The LearnPad and the shared environment.

ashs-teacher-and-studentsIn my 7th September blog I finished off saying that, “we need to encourage sharing among learners and sharing among educators, as sharing means that you are not alone and it makes life real.” I would like to take this up again, as this morning during our second training session, an issue was raised about teacher collaboration or the lack of it. Being someone who experienced lack of collaboration and who fought against it by sharing my notes and preparation work sometimes unilaterally, I was really worried and somewhat saddened when my colleagues claimed that this lack of collaboration is still very prevalent in our schools.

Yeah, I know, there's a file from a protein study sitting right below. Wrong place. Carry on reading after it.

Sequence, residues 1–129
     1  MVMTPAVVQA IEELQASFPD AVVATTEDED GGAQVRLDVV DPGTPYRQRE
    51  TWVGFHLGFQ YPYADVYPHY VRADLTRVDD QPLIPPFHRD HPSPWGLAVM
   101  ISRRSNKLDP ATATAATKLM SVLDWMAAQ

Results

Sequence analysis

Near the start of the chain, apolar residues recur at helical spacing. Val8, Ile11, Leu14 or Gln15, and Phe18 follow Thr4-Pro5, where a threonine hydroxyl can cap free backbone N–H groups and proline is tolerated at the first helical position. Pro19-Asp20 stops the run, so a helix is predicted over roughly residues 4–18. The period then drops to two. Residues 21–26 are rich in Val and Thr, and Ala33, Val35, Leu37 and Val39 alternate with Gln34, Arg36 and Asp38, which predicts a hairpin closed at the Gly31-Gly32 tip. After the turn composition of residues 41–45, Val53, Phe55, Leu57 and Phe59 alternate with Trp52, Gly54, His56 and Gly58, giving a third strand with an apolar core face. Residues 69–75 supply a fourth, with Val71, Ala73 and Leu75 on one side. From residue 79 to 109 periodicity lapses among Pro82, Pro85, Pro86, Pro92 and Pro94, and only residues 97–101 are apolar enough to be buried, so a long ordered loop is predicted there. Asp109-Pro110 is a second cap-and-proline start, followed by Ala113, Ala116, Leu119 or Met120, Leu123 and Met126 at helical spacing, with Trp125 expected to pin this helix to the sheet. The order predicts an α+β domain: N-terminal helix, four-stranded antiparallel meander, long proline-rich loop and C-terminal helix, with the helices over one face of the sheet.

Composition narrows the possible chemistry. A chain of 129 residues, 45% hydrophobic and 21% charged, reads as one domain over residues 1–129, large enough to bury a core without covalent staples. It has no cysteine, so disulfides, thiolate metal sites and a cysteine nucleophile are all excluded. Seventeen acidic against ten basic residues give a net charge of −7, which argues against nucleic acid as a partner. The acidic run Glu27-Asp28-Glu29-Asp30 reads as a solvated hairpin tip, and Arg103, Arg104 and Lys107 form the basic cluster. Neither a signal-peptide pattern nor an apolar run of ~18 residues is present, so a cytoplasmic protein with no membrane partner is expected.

The way the mobile device management system of the tablets is set up in a school, the year four teachers in that school only will have the possibility to view each other’s preparation work if they wished to. Thus the environment provides the potential of collaboration on a particular topic or project.  This great potential and advantage was given a thumbs down this morning. The main reason being that certain teachers prefer to grab other teachers’ work rather than go through the hard work, effort and laborious preparation themselves. Thus the diligent and industrious teachers would be reluctant and resistant to share. Allow me to address you, the professional teacher, rather than the colleague who unfortunately opts to copy and paste other people’s work. I will not ask you to share your work unconditionally; that will have to be your own decision. However, I will share with you some of my thoughts about sharing or not and what you can do to encourage good practices in your environment.